The Treaty of Fort Laramie & Violations, 1868

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The Treaty of Fort Laramie & Violations, 1868.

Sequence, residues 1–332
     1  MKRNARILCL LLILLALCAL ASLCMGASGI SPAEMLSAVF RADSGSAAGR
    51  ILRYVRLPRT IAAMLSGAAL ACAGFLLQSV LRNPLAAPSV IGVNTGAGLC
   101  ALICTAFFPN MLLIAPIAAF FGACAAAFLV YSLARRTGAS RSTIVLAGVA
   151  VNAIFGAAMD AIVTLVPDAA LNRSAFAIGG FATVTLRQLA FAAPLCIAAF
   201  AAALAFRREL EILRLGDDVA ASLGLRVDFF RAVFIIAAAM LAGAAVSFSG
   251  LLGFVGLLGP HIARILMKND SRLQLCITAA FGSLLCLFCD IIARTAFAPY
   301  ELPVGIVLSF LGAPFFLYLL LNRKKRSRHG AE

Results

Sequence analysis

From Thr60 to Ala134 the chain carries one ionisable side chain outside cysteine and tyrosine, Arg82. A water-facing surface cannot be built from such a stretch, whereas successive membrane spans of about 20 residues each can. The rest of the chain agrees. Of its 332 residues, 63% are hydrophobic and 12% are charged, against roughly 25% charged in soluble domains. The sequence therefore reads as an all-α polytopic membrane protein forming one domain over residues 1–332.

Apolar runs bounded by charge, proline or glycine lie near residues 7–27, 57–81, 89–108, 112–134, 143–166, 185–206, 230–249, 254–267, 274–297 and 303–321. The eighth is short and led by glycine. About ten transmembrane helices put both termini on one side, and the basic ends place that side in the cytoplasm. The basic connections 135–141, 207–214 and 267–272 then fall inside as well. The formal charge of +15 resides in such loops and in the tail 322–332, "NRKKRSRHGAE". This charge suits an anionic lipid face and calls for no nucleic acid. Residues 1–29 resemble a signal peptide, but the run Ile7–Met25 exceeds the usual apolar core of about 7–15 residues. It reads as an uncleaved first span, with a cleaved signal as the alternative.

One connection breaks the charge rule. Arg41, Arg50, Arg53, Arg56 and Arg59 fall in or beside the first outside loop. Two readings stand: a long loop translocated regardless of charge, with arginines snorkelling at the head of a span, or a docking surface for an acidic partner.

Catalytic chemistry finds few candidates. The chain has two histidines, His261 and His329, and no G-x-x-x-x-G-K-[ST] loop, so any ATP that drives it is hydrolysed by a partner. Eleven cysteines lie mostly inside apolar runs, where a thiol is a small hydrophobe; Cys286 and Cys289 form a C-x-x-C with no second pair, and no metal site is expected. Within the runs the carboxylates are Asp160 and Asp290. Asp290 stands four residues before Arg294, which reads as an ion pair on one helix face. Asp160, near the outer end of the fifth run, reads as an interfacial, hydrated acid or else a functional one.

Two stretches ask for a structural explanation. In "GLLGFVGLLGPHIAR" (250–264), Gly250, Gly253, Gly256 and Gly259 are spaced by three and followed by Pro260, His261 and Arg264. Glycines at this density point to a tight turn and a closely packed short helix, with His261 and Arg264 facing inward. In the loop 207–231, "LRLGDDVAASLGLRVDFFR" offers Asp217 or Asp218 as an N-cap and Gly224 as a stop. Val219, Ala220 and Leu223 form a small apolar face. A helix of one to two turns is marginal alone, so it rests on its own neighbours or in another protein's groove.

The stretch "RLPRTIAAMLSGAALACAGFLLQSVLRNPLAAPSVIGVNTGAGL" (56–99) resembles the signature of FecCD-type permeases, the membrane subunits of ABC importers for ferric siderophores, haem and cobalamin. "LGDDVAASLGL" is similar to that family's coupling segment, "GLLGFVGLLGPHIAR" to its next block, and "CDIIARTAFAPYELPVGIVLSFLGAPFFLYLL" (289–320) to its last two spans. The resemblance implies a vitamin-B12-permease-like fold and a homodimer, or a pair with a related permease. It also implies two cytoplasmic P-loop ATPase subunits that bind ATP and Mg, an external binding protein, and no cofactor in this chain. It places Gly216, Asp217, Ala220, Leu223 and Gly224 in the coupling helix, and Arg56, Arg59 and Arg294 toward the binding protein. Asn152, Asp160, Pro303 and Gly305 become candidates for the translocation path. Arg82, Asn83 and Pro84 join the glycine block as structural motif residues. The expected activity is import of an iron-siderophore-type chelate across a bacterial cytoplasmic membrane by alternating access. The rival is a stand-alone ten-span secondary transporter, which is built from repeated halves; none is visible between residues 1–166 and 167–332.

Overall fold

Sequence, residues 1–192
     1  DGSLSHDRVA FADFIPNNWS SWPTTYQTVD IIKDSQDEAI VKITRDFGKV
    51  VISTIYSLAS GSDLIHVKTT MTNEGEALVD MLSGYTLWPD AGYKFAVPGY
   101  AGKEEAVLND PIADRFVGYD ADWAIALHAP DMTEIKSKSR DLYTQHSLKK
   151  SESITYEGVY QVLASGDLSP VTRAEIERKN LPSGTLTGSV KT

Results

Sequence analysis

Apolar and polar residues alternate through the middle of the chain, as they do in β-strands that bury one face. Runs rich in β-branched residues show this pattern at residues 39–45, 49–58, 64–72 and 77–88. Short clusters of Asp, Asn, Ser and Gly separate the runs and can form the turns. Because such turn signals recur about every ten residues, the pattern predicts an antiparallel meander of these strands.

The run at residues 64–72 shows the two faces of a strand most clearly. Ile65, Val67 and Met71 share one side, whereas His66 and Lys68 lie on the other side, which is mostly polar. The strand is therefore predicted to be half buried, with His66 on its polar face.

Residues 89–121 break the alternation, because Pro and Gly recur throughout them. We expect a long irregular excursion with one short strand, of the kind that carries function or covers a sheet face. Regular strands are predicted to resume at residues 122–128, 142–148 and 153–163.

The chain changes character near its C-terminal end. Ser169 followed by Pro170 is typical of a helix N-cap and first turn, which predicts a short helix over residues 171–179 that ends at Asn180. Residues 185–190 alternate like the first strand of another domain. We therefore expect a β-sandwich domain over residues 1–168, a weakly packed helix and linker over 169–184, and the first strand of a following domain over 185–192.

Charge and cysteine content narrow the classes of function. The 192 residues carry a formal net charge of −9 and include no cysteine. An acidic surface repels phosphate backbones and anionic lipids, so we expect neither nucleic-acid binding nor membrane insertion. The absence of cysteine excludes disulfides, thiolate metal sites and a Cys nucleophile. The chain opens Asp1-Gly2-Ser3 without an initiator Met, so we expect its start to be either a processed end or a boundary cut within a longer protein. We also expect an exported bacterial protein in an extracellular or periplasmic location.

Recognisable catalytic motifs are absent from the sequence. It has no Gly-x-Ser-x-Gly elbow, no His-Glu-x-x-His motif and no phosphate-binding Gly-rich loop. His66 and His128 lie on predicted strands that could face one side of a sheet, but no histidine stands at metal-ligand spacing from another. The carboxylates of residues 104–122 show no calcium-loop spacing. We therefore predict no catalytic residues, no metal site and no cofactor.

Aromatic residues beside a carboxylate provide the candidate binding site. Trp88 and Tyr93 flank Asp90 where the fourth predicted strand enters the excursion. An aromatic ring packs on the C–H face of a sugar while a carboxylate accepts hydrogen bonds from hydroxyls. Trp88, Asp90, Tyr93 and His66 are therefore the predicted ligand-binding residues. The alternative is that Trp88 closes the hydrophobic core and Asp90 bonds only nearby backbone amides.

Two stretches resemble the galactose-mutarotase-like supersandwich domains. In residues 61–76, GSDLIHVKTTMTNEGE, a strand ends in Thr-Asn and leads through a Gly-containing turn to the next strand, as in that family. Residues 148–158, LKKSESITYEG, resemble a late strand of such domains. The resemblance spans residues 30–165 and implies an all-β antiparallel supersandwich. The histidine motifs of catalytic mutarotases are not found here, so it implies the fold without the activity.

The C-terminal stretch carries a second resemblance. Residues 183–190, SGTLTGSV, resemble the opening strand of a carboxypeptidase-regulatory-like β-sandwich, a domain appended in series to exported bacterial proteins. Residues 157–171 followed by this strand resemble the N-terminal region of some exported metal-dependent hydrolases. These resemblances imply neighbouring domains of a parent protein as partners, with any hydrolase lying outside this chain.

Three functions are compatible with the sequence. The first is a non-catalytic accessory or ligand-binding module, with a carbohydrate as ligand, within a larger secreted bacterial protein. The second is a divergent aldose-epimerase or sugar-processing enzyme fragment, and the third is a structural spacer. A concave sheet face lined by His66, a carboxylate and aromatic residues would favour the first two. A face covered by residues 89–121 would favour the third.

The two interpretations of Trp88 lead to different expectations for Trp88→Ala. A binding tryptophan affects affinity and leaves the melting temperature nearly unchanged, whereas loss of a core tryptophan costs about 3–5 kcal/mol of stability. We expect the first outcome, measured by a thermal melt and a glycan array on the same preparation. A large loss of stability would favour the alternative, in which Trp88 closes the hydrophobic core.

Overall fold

The Native Americans in the western United States including, the Sioux, Lakota, and Arapaho, began to worry about the continuation of their existence on the plains during a time period in which a great deal of American emigrants were now going westward to settle. The reasoning behind this worrying was related to the increased traffic of emigrants, which were taking land for their own as well as disrupting patterns of wildlife, such as the buffalo herds that the Native Americans depended on to survive. The buffalo could provide everything a tribe needed to survive, since they used every single part of it for some purpose. The Native Americans began to meet with the U.S. government to produce a solution for this growing problem. What became of it is called the Treaty of Fort Laramie. This treaty states that all of the Native American tribes present were to be allotted an area of land with geographic boundaries that could be called their own forever, along with additional hunting rights on another amount of land. This resulted in the Lakota owning the Black Hills for their selves and the closing of "Powder River Country" (an area of northern Wyoming) to white people. The Native Americans deserved this land for their selves; they were in the area long before any American ever set foot near. There were other pointers to the treaty such as, financial incentives for farming land and becoming competitive, education for minors, and that teachers, blacksmiths, farmers, millers, carpenters, engineers, and government agents could take up residence here. So, this treaty gave the Native Americans exclusive rights to the Black Hills land and their own reservation, but this was violated leading to the Black Hills War. In 1876, prospectors began pouring toward the Black Hills in search of gold that was found by George Armstrong Custer's expedition in 1874, on land which was solely reserved for the Native Americans. This was a direct violation of the treaty, which also means that it is breaking federal law. The United States Army was supposed to keep intruders out of the reservation, but was doing a miserable job of it, which angered the Lakota even more. Eventually the Lakota and allies had enough, and they waged war against all intruders and the United States itself. This action was perfectly justified considering the situation at current. Many believed that the executive administration provoked the war, because a new gold rush could aid in economic recovery from depression. Irregardless of the now violated treaty, Ulysses S. Grant sent Army troops west to round up Native Americans by force, continuing the war into late 1876. The Native Americans saw the majority of defeat, and ran back to their agencies on the reservation. The war ended with the signing of another treaty, in which the Lakota gave up a 50 mile strip of land that was the back hills on the west side of the reservation. This gave the United States back ownership of the Black Hills, and made the gold mining legal once again, which was exactly what the United States wanted. The U.S. simply manipulated the Native Americans into a position where they could attack them and cause them to lose something promised to them for eternity, their own homeland. The government did not withhold their side of the agreement when it came to the Treaty of Fort Laramie, in which they are supposed to allow them ownership of the land forever, and protect that land from any threats or illegalities. They failed in that job, and didn't blink an eye while doing so. The reservation is now smaller than ever, with Native Americans having their land still stolen from them to this day, and people have since settled their and the gold deposits depleted.

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